New-home sales in the West entirely powered February’s nationwide jump

A "sold" sign sits in front of the foundation of a house under construction in Plano, Texas, as workers discuss plans Feb. 2.

A “sold” sign sits in front of the foundation of a house under construction in Plano, Texas, as workers discuss plans Feb. 2.

(LM Otero / Associated Press)

U.S. homebuyers in the West accounted for all of February’s increase in sales of new houses, possibly signaling uncertain growth prospects for the broader real estate market heading into the spring buying season.

The Commerce Department said Wednesday that new-home sales rose 2% last month to a seasonally adjusted annual rate of 512,000. All of the increase came from 38.5% surge in purchases in the West, which reversed a stiff 32.7% decline in January that had cut into overall sales.

The rebound probably reflected a government report that can be extremely volatile on a monthly basis, clouding some views of where the construction and housing markets are heading at the start of the most intense months for home sales.


“At this stage, it is unclear whether new-home sales are plateauing or are still in an uptrend,” said Joshua Shapiro, chief U.S. economist at MFR, a forecasting firm.

The U.S. housing market looks somewhat more tempered after strong growth in 2015. Sales in the first two months of 2016 ran slightly below last year’s pace. Builder confidence has held steady despite a dip in sales expectations. Purchases of existing homes tumbled in February, with the prior two months of healthy sales probably straining already tight supplies.

Price pressures are mounting as the share of new homes being sold for less than $200,000 has declined this year, while the share of new homes selling for more than $400,000 has risen. New-home sales fell in the Northeast, Midwest and South in February. The median new-home sales price rose 2.6% from a year earlier to $301,400.

The market still has yet to fully rebound from the housing crisis of nearly a decade ago. New-home sales remain well below the historic 52-year average of 655,200, a figure that includes the build-out of the suburbs and influx of buyers after World War II. Subprime mortgages helped push up sales as high as 1.28 million in 2005, which in hindsight was an alarm sounding about an imbalanced, debt-ridden economy that shortly tumbled into the worst economic downturn since the Great Depression.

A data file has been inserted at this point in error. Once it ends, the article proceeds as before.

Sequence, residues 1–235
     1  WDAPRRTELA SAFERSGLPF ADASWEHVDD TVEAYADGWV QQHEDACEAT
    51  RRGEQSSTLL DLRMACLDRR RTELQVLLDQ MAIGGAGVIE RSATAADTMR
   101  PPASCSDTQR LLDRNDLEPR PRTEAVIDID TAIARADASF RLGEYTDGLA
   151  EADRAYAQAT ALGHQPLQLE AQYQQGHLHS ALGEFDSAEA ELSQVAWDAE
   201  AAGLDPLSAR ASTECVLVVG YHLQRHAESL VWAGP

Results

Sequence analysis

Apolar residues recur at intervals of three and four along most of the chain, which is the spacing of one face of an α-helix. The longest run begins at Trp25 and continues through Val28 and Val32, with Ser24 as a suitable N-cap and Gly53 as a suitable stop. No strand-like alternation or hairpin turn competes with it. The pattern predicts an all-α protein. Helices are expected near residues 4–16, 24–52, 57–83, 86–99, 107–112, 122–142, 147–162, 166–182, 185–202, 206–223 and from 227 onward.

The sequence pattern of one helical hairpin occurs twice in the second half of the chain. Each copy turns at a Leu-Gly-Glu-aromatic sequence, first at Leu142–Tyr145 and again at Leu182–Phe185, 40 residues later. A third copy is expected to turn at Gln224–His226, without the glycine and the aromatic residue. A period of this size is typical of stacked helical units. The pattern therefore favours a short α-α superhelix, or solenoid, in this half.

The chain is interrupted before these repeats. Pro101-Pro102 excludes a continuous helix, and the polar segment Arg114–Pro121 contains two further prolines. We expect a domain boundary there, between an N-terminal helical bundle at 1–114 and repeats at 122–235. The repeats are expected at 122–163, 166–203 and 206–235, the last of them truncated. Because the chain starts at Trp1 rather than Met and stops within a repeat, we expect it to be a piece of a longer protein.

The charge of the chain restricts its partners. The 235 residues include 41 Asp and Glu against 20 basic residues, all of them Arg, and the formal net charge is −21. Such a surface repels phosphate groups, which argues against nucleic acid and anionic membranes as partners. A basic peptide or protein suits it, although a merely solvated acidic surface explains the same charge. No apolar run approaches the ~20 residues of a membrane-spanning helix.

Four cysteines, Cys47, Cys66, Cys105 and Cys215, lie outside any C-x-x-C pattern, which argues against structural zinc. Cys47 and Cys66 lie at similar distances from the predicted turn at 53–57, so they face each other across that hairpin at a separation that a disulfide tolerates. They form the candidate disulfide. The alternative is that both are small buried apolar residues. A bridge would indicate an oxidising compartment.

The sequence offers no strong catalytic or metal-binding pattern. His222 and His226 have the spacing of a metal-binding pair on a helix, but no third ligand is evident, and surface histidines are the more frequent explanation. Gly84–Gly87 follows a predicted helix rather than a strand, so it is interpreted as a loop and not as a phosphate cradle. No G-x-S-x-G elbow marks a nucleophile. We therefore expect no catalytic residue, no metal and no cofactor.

Sales of existing homes fell 7.1% last month to a seasonally adjusted annual rate of 5.08 million, the National Assn. of Realtors said Tuesday. The decline follows robust yearly sales rates of 5.47 million in January and 5.45 million in December. A new regulation had delayed closings in November.

The limited supply of houses have pushed up prices and curbed sales.

For existing homes, the median home sales price was $210,800 in February, a 4.4% annual increase from a year earlier, while the number of listings fell 1.1% from a year earlier.


U.S. homebuilders are unlikely to alleviate the supply crunch. They are still optimistic about the housing market, but many anticipate a pullback in sales.

The National Assn. of Home Builders/Wells Fargo builder sentiment index released Tuesday stayed at 58 in March for the second straight month.

Readings above 50 indicate that more builders view sales conditions as good rather than poor. Before February, the index had been in the low 60s for eight months.

Builders’ view of current sales conditions held steady, while a measure of traffic by prospective buyers increased. But builders’ outlook for sales over the next six months fell to the lowest level in 12 months.